Of course, many women prefer not to work, and that is perfectly fine. People should have the opportunity and agency to decide for themselves. The more pressing concern is that there are many women who do want to work but are unable to find suitable jobs. Even though our overall unemployment rate has been generally stable at low-to-mid single digits over the past decade, breaking it down by sex shows a radically different picture: Bahraini women face substantially higher unemployment rates that can exceed 10% in some years, compared to 1-2% for men.**

Anecdotally, I have heard stories about women being directly asked during interviews about their intentions to marry or have children.*** A solution could be to ban employers from asking about marital status, but the difficulty in trying to police such behavior is that it can result in something called statistical discrimination. If employers can’t get direct information from prospective employees, they tend to avoid the entire group (here, young women) entirely, potentially doing more harm than good. 

A better approach here could be to equalize, or at least increase, paternity leave policies to be more in-line with those for maternity. Currently, new mothers are entitled to sixty days paid leave, as well as fifteen days of unpaid leave. Fathers are entitled to one day. Studies in Canada and Sweden have shown that extending leave for fathers increases employment and pay for mothers since the incentive to hire men becomes less pronounced. It can also change overall cultural norms and expectations about raising children and household responsibilities, fundamentally shifting the way we think about gender roles. Other policies could help re-integrate women into the workforce if they leave for prolonged periods.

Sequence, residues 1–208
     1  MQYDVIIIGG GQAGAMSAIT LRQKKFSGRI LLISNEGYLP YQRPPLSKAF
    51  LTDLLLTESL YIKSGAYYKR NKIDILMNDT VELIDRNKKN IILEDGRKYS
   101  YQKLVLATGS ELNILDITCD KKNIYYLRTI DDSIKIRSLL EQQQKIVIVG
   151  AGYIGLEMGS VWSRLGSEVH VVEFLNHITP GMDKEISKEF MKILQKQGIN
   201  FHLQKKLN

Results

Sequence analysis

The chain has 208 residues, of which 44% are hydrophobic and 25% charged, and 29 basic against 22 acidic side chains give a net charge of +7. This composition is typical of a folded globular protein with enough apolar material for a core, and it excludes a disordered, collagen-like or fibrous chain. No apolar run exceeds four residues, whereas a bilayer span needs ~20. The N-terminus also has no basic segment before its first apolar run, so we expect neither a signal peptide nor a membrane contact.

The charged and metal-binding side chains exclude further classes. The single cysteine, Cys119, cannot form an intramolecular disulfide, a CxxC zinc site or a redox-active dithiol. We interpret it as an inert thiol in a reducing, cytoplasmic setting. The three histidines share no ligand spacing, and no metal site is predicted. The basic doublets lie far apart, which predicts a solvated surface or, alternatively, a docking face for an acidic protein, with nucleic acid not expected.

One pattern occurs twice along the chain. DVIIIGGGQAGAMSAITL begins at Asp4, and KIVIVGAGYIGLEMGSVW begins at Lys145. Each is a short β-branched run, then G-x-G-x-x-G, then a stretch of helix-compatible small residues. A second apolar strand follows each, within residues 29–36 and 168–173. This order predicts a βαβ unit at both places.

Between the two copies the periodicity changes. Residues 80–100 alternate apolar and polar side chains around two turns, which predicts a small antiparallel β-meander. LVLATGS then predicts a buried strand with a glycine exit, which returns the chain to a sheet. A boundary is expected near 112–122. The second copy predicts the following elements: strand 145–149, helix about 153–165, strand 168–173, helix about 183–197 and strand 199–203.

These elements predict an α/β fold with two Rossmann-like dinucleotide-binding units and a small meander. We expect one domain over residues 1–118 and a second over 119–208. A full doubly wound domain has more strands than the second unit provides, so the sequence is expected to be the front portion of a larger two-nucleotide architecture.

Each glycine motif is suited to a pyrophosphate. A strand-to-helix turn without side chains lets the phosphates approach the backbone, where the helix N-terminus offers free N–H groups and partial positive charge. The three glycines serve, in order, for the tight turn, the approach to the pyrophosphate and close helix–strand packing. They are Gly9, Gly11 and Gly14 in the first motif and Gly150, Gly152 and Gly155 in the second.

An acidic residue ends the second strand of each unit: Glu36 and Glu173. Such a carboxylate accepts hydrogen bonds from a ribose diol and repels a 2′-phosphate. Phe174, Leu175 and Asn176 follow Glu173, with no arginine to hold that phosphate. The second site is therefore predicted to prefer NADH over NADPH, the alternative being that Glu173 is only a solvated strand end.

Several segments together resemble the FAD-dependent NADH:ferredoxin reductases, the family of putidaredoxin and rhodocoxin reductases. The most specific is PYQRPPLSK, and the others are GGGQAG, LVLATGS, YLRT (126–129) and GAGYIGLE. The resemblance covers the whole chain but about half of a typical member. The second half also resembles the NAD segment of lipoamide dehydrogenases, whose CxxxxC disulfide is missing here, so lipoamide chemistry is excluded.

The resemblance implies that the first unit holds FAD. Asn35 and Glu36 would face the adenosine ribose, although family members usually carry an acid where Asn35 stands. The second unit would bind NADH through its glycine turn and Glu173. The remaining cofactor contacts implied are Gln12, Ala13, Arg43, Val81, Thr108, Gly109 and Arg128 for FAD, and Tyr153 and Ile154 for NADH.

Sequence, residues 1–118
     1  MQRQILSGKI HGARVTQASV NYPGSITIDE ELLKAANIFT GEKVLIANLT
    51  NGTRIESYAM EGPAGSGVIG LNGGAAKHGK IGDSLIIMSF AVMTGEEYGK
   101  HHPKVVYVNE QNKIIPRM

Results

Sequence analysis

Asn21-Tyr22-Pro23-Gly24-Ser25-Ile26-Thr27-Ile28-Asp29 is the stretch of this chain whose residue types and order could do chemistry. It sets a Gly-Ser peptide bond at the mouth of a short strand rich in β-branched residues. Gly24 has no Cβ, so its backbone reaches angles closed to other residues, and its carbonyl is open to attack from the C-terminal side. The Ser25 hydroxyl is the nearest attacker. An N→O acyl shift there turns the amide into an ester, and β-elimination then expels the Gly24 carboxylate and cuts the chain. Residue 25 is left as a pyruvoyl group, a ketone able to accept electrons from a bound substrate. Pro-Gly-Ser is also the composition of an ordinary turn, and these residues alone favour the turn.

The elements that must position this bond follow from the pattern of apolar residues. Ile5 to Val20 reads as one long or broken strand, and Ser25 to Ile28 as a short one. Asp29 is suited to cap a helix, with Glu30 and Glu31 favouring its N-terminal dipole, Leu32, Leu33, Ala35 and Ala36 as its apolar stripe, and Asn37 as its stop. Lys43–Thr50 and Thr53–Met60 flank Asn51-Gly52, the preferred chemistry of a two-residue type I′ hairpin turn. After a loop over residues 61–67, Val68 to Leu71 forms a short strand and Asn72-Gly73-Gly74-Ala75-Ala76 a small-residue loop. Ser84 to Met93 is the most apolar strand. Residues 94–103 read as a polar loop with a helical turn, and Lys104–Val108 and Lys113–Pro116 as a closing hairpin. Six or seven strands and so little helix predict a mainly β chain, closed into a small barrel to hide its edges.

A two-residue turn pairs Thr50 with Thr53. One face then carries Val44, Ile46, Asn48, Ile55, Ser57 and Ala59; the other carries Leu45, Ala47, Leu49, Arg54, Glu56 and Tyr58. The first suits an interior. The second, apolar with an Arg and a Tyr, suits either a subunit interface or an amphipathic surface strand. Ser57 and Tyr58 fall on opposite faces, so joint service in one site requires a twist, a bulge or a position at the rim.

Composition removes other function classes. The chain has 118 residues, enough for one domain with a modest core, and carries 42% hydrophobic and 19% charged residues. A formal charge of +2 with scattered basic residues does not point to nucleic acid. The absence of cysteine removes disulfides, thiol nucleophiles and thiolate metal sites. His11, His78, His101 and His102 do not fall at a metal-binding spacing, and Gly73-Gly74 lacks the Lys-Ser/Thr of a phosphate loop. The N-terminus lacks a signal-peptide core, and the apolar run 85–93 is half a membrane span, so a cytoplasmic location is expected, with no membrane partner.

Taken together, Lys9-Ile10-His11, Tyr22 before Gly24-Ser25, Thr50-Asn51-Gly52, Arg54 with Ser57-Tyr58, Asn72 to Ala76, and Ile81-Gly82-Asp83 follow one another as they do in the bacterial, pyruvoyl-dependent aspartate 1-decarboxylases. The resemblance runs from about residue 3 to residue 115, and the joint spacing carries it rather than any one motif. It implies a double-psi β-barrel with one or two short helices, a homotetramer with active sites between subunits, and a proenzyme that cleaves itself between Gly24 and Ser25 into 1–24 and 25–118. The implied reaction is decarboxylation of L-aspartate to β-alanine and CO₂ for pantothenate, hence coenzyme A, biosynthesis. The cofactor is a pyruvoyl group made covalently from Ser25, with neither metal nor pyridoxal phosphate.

Nevertheless, there has been progress, both economically and culturally. The gap has been shrinking – a decade ago, Bahraini women in the private sector earned only 62% of what men made. A National Strategy for the Advancement of Bahraini Women now exists. A record number of women were elected to parliament last year. There have been numerous recent initiatives to empower women and increase female participation across different sectors. There is much to be proud of.